A Day Without a Bag is an educational grassroots event started by Heal the Bay in Los Angeles and hosted by Surfrider Foundation Chapters along with local community groups throughout the country.  Held the third Thursday in December, we ask holiday shoppers and retailers to forgo single-use, plastic shopping bags in favor of reusable bags.  Celebrate by remembering your reusable bags and if you happen to have a few extra ones, give them away to a friend or stranger to show your commitment to a clean ocean!

The impact of single-use plastic bags in our communities is costly to retailers, taxpayers and the environment. Partnerships with retailers, community and civic groups help us educate our individuals with an important message about the harmful impact of single-use plastic bags.  This is the fifth annual Day Without a Bag that started locally by Heal The Bay in Los Angeles and continues to grow with the help of the Surfrider Foundation, other organizations and retailers that embrace the idea.  This year there will be reusable bag giveaways throughout Southern California along with a few coastal areas in Northern California and the East Coast.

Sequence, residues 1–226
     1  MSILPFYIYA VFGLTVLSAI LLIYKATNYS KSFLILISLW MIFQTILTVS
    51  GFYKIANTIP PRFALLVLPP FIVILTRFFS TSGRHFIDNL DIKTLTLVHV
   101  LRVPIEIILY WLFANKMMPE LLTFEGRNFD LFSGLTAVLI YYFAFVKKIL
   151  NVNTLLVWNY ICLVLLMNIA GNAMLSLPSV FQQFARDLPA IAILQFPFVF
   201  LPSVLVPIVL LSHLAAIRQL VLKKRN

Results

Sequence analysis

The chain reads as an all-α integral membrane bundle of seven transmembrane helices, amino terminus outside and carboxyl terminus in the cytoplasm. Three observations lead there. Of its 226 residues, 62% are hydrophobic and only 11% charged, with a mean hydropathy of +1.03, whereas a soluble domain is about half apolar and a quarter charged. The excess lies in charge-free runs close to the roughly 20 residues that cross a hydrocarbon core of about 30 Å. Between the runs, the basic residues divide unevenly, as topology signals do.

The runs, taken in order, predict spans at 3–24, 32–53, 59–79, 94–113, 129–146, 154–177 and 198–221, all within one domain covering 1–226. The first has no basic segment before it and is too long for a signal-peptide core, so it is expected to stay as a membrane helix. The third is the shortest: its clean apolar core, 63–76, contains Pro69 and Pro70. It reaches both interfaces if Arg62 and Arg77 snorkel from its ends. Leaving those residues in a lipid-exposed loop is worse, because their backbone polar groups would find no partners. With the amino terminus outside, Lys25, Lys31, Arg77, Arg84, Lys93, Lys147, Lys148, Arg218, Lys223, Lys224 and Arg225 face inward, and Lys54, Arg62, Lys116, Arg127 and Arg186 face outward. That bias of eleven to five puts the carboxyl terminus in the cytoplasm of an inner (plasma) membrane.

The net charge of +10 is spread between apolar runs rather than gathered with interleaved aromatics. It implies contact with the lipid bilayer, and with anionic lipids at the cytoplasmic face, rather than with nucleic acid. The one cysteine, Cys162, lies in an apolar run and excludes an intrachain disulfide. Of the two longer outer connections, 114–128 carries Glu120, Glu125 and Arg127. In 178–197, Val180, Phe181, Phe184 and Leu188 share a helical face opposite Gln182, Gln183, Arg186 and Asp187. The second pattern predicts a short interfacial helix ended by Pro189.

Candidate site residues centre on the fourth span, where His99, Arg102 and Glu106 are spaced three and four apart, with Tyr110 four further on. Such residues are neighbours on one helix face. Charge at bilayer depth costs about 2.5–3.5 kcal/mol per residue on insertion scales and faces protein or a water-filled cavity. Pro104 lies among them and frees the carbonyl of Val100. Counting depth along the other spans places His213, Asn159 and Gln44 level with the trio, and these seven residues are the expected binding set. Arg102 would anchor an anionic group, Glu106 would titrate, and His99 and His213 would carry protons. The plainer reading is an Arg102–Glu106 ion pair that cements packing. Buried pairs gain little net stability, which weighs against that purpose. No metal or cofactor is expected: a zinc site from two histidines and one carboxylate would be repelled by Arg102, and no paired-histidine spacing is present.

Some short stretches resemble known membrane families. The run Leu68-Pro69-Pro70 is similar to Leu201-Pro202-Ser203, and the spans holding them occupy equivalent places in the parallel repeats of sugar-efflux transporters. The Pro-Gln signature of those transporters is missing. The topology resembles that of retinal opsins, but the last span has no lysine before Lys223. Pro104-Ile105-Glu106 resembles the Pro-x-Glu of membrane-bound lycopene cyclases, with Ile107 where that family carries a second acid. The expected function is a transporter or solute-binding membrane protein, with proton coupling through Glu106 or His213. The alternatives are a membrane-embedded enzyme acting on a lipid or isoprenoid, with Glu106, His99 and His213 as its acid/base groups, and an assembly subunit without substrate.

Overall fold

Approximately 100 billion plastic checkout bags are used in the United States each year according to the EPA, which works out to be an average of approximately 300 bags per man, woman and child. Disposable bags cost our fiscally strained cities for disposal and cleanup. Plastic bags are typically made from a non-renewable resource, petroleum or natural gas.  Both are non-renewable resources that are environmentally destructive, create more greenhouse gases, and increase our dependency on non-renewable resources.

Even though plastic bags and food containers are designed to be “disposable,” and used for seconds or minutes, plastic lasts hundreds of years or longer in the environment without biodegrading. Most of the plastic that ever was…is still here.

Recycling cannot fix the problem: Plastic bags are often not economically efficient to recycle, and this toxic trash is often shipped to developing countries (most estimates show under 10% of plastic bags are recycled).  Once discarded, plastic bags either enter our landfills or our watersheds. In contrast to plastic bags, a single reusable bag has the potential to eliminate hundreds of plastic bags over its lifetime. 
Additionally, all plastic products that enter our marine environment eventually break down into small fragments rather than truly biodegrading. In some parts of the Northern Pacific Ocean, studies have shown there is six times as much plastic by mass than there is plankton.

The impact of plastic on the marine environment and our communities is significant and we have the option to dramatically reduce the use of plastic bags—why not make every day, A Day Without a Bag?